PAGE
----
2nd Annual Hot List
We at Business Start-Ups often wonder what it's like to be millionaires. You could say we're a bit obsessed with the idea. And young millionaires? Oh, please. We can't get enough of them. Can you blame us? It'd be pretty awesome to wake up in the morning and know your business will have a good day--a very good day. But what does your millionaire dream look like? If it's anything like the ones of these entrepreneurs, all of whom have hit the million-dollar mark before hitting 30, you may just see your dreams reach fruition.
Stephanie Hirsch, 28
Company/description: INCA Girl Enterprises Inc. makes fashion editors fawn with its hip plastic bags, plastic bamboo beach mats and beaded bikinis.
Based: New York City
1999 sales: $1.4 million
2000 projections: $3 million-plus
Divine intervention: After college, Hirsch worked as a waitress and talent agent gopher in Los Angeles--even as a stylist-assistant after moving to the Big Apple. But Hirsch "never felt right in any job. It sucked the soul out of me." A 1996 trip to visit a pal in Peru and some pondering on the Inca Trail generated an epiphany: She would make the plastic market bags everyone was carrying the hottest new thing in the United States.
How much? "Days of harassing [Peruvians] and giving them money" led Hirsch to the bags' manufacturer. The nondesigner then returned to New York City and spent $500 in savings on samples and a spot in a fashion trade show that March. Press in Vogue and Marie Claire quickly followed.
Starry-eyed: Sure, Hirsch lost $150,000 trying to save her trademark from shady angel investors at one point. But now this once-homebased designer's got a shipping loft, four sales reps (in New York, California, Hawaii and Italy), and kudos from actress Courtney Cox and model/Nylon creative director Helena Christensen. Sports Illustrated even featured an INCA beaded swimsuit in last year's swimsuit issue.
Make like a Clydesdale: Hirsch didn't accidentally go from being "very unhappy" to having Saks Fifth Avenue, Bergdorf Goodman and Fred Segal in Los Angeles embrace her creations. "Just ignore negativity," she says. "Don't listen to people who go `Get a real job and make some money.' Just making a living is not enough for you."
Mike Fridgen, 24, and Ryan Smith, 26
Company/description: International Student Tours (IS Tours) is a brick-and-mortar establishment offering student tours and trips; also included is TripHub.com, a nationwide online student travel company.
Started: 1997; TripHub.com launched 1999
1999 sales: $2.5 million
2000 projections: $4 million
Ticket to ride: For 20 months, Fridgen and Smith's student travel business posted a Web site to assist in marketing their packaged travel tours for high school and college students. Learning that more than 50 percent of their hits came from states in which their products weren't available, the co-founders' focus shifted toward creating TripHub.com, the first nationwide student tour and travel aggregate.
All aboard: Working in the student travel industry while attending the University of Washington, Seattle, the two frat brothers joined their university's Program of Entrepreneurship Innovation in 1996. After a program-sponsored presentation, a Washington Mutual bank representative offered them a $120,000 credit line, and with a combined $50,000 in personal and family-loaned seed money, IS Tours was created.
Growth spurt: With their great ideas and a strong work ethic, Fridgen and Smith not only embraced the advantages of the youth-oriented industry, but also used their own youth as an advantage. "We were students selling student packages," explains Fridgen, "which gave us an edge." That edge made IS Tours' packages look a heck of a lot hipper to their target audience, high school and college jet-setters.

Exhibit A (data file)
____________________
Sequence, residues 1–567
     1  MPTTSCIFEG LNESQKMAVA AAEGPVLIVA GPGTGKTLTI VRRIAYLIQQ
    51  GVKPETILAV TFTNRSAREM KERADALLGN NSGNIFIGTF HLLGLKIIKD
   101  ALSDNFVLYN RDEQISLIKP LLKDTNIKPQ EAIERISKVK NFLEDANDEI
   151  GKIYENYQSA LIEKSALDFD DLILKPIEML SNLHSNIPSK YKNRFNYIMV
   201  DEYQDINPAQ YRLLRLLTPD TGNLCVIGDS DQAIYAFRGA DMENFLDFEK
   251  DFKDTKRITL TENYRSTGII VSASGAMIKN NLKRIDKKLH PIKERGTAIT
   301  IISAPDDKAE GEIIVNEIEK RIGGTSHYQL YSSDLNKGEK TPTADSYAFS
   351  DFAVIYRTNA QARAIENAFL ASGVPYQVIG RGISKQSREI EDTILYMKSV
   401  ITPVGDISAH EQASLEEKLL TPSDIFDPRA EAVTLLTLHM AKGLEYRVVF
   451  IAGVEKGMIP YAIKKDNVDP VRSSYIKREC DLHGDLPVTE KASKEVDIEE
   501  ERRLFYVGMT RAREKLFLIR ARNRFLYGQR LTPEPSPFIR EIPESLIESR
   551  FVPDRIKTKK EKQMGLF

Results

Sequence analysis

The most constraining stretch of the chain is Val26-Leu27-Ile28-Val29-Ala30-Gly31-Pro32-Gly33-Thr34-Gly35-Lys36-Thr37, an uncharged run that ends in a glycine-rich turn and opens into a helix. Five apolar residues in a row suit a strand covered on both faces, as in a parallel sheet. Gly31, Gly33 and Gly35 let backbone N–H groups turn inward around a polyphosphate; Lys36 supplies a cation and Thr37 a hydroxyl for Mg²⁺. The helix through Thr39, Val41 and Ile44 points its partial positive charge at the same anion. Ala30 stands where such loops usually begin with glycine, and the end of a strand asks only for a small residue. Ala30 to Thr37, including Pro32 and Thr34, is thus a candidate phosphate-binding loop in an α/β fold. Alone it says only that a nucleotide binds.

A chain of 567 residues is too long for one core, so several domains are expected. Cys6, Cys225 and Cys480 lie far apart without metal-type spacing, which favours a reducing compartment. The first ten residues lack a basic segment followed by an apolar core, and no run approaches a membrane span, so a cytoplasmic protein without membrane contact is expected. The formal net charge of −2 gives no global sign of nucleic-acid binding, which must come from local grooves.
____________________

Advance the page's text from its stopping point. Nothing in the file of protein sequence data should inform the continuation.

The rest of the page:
Lemons to lemonade: These traveling newburys didn't always have it so good. Faced with bitter competitors, IS Tours had to overcome hordes of threatening faxes sent to schools, families and establishments attacking them as callow upstarts. Today, IS Tours remains standing, yet the energy focuses on TripHub.com. Holding the largest inventory of Spring Break packages available, TripHub.com allows its members to book everything from a trip home for the holidays to study-abroad programs--all online. "With college students representing over 34 percent of the nation's online population," says Fridgen, "we're going to be the number-one online student travel source."
Marc Miller, 24
Company/description: InSite Advertising Inc. places ads in the bathrooms of crowd-attracting venues.
Based: New York City
Combined 1999 sales: $4 million
Combined 2000 projections: $8 million
The porcelain god: Inspired by the Dana Carvey flick Opportunity Knocks as well as his own fixation with sports pages posted above the urinals at bars and nightclubs he frequented, Marc Miller had an epiphany: Why not use public restrooms as an advertising medium? And not just any old commode--Miller specifically chose those within the hottest venues, where only the most happening 21-to-35-year-olds dispose of their martinis and microbrews. A medium where male relievers keep their attention focused on the wall in front of them and female relievers curiously examine any written text in their peripheral vision. "Every man knows that if you look left or right it turns into a liability," says Miller. So with that, as well as enthusiasm from family members, he launched InSite Advertising--a supplier of mini-billboards that allow advertisers to hawk their wares and venue proprietors to average 15 percent in revenue.
Head rush: Fresh out of college as well as a hedonistic month in the south of France, Miller and a former partner pounded the pavement to meet high-power ad agency execs by day and T-shirt-and-shorts-clad bar owners by night. With $5,000 in personal and familial contributions, Miller secured affordable office space through a generous building owner and, within three months, secured 75 interested venues. "From that point on, we were very successful in getting some big-name clients onto our billboards," says Miller. "So we decided to open up other markets. We thought if advertisers were interested in our concept in New York, they'd probably be interested in Philly, Chicago, DC, LA and Boston."